This is the door to perception and Punday does not critique Gibson's novel by simply responding to the narrative innovation and powerful entertainment value. Punday sees within Gibson's approach to cyberspace the hope of producing a "fundamentally new kind of social space and very different ways of understanding human identity" (Punday, p. 195). He's not alluding to Facebook or MySpace when he alludes to "social space"; instead, Punday is talking about a virtual community located in a multi-use dungeon (MUD). Punday is referring to a place with many individuals connect and each of them create "characters" that move through the "virtual" place. Players ask questions, ask directions, congratulate one another when a specific action presents a worthy accomplishment -- and "Gibson's writing allowed us to discover a surprising truth about cyberspace's original conception: as a means of social interaction it does not exist to create new identities or simply to destabilize all identity" (Punday, p. 212).
While MUDs have the effect of turning the user's attention back to "the narrative construction of the social interaction in this space and to the fact that this play arises from the duality between player and character" (Punday, p. 212). Punday concludes his essay by basically thanking Gibson for helping alert, progressive individuals see that one of the essentials of cyberspace / cybercities is that it offers "…the ability to reveal how this dialogue is being constructed as and from narrative" (p. 213).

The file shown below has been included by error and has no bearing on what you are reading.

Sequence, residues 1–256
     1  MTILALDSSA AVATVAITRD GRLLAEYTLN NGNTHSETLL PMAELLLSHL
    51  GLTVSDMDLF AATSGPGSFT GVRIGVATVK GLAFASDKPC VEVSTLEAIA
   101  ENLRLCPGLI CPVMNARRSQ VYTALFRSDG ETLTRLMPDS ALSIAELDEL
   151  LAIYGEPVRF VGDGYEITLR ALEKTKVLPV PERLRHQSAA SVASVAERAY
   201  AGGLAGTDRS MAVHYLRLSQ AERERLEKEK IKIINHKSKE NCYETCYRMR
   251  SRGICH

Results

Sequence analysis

This is not by way of putting down traditional uses in the cybercity world -- like online conferences, marketing, and serious scholarly research -- but rather Punday's point (213) is that "we need to foster an appreciation of the kind of narrative play that Gibson describes." The kind of play that Gibson innovated with the release of Neuromancer can be "extremely effective" because it will reveal "stereotypes and bring cultural narratives into conflict with one another." This kind of "intertextual narrative play within cyberspace" could help revitalize social and educational uses of "online discourse" (Punday, p. 213).
Martin Dodge and Rob Kitchen set out in 2001 to "map cyberspace" in a book -- that is, to attempt a fine-tuning of the concept of space and how people interacting in Cybercities (cyber cultures) use that space. On page 19 the authors point to the argument that cyberspace is replacing "rapidly disappearing public spaces with new social spaces" and that in the process somehow citizens are ducking out of the natural world into the quiet, hidden world of cyberspace. Another concern they address is that with the continuing emergence of more and more technologically sophisticated ICTs implications of a loss of privacy and confidentiality are coming into the fore. Is this becoming a "surveillance society"? Dodge acknowledges that many personal financial records, credit cards and more are available online for professional hackers, and these issues need attention. The whole notion of whether or not cyberspace is a public space is mapped thoroughly in this book, and Dodge (Dodge, et al., 2001, p. 19) believes that because users in Cybercities have "very few legal rights" (p. 19).
The point Dodge makes on page 29 summarizes the theme of this book. "…Space is not a neutral and passive geometry, but rather is continuously produced through socio-spatial relations" and the relationship between "space, spatial forms and spatial behaviour is…